Newborn Screening for Critical Congenital Heart Defects (CCHD)
Congenital Heart Defects occur when a baby’s heart or blood vessels do not form properly during the pregnancy. Heart defects are the most common birth defect. Most babies are born with normal hearts, but approximately 9/1,000 are found to have some form of heart defect. There are many types of heart defects ranging from mild to severe or critical. Approximately 25% of babies with heart defects have a critical condition. A critical congenital heart defect (CCHD) requires prompt diagnosis and treatment for the best outcome. Babies with undetected critical congenital heart defects are at risk for death or significant disability.
Screening for critical heart defects is important because newborns with heart problems can look healthy. Screening can identify some infants with CCHD before they get sick or show signs of heart problems. The screening is done as a simple bedside test using pulse oximetry. A small sensor is usually placed on a baby’s right hand and one foot to measure the oxygen saturation level in the blood. Infants who do not pass the screening can then receive further testing to determine if there is a problem. Those who are found to have CCHD can start receiving care right away.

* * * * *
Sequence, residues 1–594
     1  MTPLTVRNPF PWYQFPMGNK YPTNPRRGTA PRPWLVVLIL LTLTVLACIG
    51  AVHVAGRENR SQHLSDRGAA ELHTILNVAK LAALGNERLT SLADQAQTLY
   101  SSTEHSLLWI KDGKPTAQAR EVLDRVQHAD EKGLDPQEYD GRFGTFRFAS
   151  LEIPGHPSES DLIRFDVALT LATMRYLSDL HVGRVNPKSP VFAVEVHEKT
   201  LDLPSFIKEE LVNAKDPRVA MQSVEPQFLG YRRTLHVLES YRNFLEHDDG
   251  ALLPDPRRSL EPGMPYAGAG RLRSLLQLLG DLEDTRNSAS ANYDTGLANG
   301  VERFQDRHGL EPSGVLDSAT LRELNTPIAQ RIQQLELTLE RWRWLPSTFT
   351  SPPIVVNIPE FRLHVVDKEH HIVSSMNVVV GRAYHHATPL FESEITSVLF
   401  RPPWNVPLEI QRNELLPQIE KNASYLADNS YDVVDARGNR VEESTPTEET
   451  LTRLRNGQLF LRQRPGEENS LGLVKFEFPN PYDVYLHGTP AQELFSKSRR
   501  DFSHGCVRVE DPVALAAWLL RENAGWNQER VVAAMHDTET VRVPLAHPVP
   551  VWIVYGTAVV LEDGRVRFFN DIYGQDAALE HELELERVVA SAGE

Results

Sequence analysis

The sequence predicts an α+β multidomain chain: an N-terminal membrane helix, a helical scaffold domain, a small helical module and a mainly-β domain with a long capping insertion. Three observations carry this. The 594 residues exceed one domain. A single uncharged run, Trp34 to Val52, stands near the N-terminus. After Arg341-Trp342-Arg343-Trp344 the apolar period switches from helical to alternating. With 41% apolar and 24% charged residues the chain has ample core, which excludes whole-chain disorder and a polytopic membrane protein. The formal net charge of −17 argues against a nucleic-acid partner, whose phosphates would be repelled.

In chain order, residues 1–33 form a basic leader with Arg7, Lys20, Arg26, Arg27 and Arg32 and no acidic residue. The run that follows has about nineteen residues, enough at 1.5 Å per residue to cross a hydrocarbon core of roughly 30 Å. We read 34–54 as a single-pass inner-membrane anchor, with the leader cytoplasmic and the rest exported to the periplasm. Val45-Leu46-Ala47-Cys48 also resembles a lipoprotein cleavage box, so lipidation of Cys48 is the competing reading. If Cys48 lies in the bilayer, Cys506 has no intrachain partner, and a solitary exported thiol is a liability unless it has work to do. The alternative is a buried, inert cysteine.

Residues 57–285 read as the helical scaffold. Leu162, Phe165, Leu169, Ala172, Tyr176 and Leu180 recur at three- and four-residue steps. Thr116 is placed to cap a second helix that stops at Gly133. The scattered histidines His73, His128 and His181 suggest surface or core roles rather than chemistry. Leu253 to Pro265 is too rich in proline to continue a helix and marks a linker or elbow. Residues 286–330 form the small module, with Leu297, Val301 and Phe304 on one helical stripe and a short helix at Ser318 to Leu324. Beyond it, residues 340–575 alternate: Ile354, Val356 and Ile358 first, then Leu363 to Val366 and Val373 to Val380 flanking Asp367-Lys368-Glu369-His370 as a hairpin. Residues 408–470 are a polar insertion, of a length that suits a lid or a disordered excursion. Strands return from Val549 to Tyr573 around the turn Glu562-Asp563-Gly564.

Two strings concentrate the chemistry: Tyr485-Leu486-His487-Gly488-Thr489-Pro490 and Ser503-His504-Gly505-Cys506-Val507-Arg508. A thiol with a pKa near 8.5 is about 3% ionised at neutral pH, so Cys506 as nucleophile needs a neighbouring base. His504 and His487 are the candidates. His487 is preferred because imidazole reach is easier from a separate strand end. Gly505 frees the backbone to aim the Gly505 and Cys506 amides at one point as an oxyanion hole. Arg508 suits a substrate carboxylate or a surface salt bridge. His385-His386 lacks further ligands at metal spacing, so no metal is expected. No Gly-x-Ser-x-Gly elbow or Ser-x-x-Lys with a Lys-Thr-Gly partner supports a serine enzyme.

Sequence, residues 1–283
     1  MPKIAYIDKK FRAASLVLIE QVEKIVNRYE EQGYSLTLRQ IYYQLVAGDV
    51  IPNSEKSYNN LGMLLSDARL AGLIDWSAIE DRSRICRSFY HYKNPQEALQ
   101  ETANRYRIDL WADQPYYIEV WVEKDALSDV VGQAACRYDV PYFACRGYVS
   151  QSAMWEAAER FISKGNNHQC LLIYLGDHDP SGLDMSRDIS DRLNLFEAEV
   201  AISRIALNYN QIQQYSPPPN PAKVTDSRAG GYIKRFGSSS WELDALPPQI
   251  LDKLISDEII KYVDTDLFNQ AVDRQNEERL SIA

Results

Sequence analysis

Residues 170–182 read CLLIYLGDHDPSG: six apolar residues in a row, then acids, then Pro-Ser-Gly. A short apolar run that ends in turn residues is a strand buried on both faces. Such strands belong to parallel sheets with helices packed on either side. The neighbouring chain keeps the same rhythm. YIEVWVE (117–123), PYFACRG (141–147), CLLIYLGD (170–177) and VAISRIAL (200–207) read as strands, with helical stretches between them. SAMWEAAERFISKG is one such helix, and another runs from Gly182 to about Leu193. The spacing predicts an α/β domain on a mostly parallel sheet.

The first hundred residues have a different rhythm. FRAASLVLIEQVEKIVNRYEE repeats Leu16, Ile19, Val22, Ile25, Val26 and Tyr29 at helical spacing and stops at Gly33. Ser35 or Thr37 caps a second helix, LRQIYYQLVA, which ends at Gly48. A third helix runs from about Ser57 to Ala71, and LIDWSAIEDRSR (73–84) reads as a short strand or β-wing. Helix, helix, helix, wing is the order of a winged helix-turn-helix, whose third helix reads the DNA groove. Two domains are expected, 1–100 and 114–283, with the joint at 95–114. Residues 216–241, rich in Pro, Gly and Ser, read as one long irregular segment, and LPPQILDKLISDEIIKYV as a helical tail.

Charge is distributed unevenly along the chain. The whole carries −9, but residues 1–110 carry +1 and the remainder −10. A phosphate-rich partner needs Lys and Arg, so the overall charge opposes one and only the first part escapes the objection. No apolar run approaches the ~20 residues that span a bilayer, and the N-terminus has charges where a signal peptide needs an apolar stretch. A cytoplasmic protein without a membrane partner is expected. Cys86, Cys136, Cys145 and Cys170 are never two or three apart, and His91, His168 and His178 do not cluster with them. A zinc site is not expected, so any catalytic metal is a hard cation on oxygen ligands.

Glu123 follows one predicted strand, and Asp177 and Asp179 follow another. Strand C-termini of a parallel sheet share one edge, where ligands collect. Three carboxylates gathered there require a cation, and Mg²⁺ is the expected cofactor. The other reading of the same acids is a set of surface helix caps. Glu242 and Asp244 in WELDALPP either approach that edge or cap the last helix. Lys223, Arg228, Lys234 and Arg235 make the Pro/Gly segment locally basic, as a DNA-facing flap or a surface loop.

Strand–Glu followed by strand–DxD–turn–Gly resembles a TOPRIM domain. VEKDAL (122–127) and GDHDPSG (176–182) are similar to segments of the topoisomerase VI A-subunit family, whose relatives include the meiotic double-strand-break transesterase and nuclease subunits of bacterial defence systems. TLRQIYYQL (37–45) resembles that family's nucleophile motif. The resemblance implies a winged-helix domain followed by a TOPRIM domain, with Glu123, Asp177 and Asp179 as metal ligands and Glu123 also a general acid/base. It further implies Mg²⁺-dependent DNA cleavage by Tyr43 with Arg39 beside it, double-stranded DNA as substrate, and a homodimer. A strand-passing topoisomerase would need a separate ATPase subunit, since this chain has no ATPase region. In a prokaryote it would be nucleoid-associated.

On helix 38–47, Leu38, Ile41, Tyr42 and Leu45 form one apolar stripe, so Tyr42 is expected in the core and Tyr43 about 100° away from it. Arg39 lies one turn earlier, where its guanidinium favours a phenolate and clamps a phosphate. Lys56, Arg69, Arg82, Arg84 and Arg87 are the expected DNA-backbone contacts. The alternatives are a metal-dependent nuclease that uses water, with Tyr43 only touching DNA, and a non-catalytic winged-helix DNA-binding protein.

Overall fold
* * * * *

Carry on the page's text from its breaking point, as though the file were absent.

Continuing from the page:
It is possible for a baby to pass the screening test and still have a CCHD. Not all defects are picked up on the pulse oximetry screening. Some babies may not show signs or symptoms until later. Signs of heart problems in infants include sweating around the head during feeding, slow growth, poor weight gain, irritability, fast breathing, and bluish or pale skin color.
For questions about CCHD screening in New Jersey contact:
Lorraine Freed Garg, MD, MPH
Newborn Screening and Genetic Services Program
Special Child Health and Early Intervention Services
New Jersey Department of Health
P.O. Box 364, 6th floor
Trenton, New Jersey 08625-0364
Department of Health P. O. Box 360,
Trenton, NJ 08625-0360 Our Locations